Ruling elites always identified closely with the military and the industrial infrastructure that supported it. A disproportionate share of national resources was allocated to the military, even when domestic needs were acute. The military was seen as an expression of nationalism, and was used whenever possible to assert national goals, intimidate other nations, and increase the power and prestige of the ruling elite.
From his promise to unconstitutionally legislate a state level law through an executive order to mandate the death penalty for those who kill cops, to his constant promises to bomb civilian targets, militarism has a home in the Trump campaign. He has stated he wants to bomb the oil fields under Islamic State control.Â The oil workers who you have more in common with than you do with a trust fund baby billionaire are just collateral damage. Who cares about blue collar workers? Their families will. Just like the rest of the US “Bomb them into submission” strategy, this will only increase support for the Islamic State. Let’s also not forget that these natural resources don’t belong to the Islamic State. They belong to the people subjugated by them. So the ISIS victims everybody pretends to care about simply get to trade one occupying force for another. The theft of natural resources is a cause of terrorism. While bombing the bad guys into submission sounds great, counter-terrorism and foreign relations are complicated subjects that cannot be distilled into a 3 second soundbyte.
5. Rampant sexism
Beyond the simple fact that the political elite and the national culture were male-dominated, these regimes inevitably viewed women as second-class citizens. They were adamantly anti-abortion and also homophobic. These attitudes were usually codified in Draconian laws that enjoyed strong support by the orthodox religion of the country, thus lending the regime cover for its abuses.
From mocking the appearance of female opponents to inferring a moderator was having her time of the month, Â Trump is sexism embodied. There are dozens of articles cataloging the never-ending stream of sexist remarks coming from this gentleman. Although he likes to use veterans as props for his campaign, he apparently only cares about the male veterans. Trump tweeted,Â “26,000 unreported sexual assults in the military-only 238 convictions. What did these geniuses expect when they put men & women together?” Perhaps that women shouldn’t be raped? Maybe they thought that.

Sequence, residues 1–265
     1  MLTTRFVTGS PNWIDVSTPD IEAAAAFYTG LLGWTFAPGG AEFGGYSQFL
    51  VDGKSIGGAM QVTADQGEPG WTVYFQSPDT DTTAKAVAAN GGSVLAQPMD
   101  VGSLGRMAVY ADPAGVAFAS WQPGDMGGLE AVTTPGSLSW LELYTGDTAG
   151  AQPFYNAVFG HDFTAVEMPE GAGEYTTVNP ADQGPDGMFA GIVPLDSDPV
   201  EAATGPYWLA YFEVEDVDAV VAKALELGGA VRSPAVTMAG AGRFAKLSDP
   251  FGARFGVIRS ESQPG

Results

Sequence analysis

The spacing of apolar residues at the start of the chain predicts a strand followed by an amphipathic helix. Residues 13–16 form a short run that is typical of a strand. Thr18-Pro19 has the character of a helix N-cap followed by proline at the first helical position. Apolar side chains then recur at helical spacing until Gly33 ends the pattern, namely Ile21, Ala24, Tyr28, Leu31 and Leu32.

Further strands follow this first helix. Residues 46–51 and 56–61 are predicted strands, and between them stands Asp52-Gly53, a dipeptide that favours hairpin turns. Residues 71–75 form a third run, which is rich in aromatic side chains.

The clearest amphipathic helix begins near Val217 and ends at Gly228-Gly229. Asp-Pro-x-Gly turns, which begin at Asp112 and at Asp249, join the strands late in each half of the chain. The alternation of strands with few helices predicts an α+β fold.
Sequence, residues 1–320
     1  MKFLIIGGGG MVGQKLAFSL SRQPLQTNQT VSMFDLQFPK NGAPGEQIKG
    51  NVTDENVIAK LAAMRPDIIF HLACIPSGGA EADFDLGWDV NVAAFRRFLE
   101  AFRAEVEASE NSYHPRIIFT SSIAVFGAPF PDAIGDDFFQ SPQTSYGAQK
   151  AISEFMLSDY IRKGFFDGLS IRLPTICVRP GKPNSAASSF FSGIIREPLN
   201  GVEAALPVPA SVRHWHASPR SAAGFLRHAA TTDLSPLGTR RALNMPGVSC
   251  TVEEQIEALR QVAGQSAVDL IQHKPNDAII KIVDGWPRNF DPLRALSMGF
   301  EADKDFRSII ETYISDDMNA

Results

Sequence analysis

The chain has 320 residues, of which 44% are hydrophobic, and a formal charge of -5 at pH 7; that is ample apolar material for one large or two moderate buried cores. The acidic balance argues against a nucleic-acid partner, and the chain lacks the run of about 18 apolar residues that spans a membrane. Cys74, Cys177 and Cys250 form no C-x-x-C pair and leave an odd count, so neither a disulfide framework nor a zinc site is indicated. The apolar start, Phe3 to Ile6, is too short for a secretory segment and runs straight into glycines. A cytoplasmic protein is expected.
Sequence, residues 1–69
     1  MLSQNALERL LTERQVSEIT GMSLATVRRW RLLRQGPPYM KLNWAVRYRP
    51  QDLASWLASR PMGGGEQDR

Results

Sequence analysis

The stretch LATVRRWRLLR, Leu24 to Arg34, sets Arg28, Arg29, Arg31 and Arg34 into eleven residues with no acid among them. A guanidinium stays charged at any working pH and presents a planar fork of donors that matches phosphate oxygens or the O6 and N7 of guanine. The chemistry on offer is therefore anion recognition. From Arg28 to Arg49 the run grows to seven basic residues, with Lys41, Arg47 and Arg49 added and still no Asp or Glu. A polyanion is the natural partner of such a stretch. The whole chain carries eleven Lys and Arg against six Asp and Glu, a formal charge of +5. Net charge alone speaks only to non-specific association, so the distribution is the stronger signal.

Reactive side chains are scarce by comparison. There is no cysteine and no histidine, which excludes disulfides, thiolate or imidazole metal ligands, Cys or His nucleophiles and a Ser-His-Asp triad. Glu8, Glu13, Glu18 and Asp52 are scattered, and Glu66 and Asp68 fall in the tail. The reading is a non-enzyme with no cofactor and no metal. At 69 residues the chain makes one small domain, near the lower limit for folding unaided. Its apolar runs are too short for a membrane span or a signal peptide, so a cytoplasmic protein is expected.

6. A controlled mass media
Under some of the regimes, the mass media were under strict direct control and could be relied upon never to stray from the party line. Other regimes exercised more subtle power to ensure media orthodoxy. Methods included the control of licensing and access to resources, economic pressure, appeals to patriotism, and implied threats. The leaders of the mass media were often politically compatible with the power elite. The result was usually success in keeping the general public unaware of the regimesâ€™ excesses.
The candidate wants to loosen libel laws so he can sue media outlets that criticize him. He has constantly attacked the media. Any candidate whose ego is so fragile he can’t withstand the criticism of the media will not be able to handle international relations. If he’s going to cry like a petulant child because somebody made fun of him, how can possibly handle the stresses of war time leadership?
7. Obsession with national security
Inevitably, a national security apparatus was under direct control of the ruling elite. It was usually an instrument of oppression, operating in secret and beyond any constraints. Its actions were justified under the rubric of protecting â€śnational security,â€ť and questioning its activities was portrayed as unpatriotic or even treasonous.
From suggesting registration of Muslims to wanting the execution of whistleblower Edward Snowden, Trump is flying the fascist banner. While most of the informed world realizes the Patriot Act and the NSA surveillance programs are threats to global freedom and privacy, Trump wants to maintain them. Why? Because he does not care about freedom or making America great again. He cares about maintaining control and taking power for himself.
8. Religion and ruling elite tied together
Unlike communist regimes, the fascist and protofascist regimes were never proclaimed as godless by their opponents. In fact, most of the regimes attached themselves to the predominant religion of the country and chose to portray themselves as militant defenders of that religion. The fact that the ruling eliteâ€™s behavior was incompatible with the precepts of the religion was generally swept under the rug. Propaganda kept up the illusion that the ruling elites were defenders of the faith and opponents of the â€śgodless.â€ť A perception was manufactured that opposing the power elite was tantamount to an attack on religion.
While Trump doesn’t like asking for forgiveness, he plays on the masses’ beliefs and ties himself to the Christian ideology at every opportunity. He said,Â “I will be the greatest representative of the Christians they’ve had in a long time.” His favorite method of rallying Americans is to attack Muslims. He gains cheers when he suggests registering them like dogs. Don’t worry though, it will stop with the Jews, I mean Muslims. Somebody will speak out when his regimeÂ decides it’s your turn, if there’s anyone left.
9. Power of corporations protected
Although the personal life of ordinary citizens was under strict control, the ability of large corporations to operate in relative freedom was not compromised. The ruling elite saw the corporate structure as a way to not only ensure military production (in developed states), but also as an additional means of social control. Members of the economic elite were often pampered by the political elite to ensure a continued mutuality of interests, especially in the repression of â€śhave-notâ€ť citizens.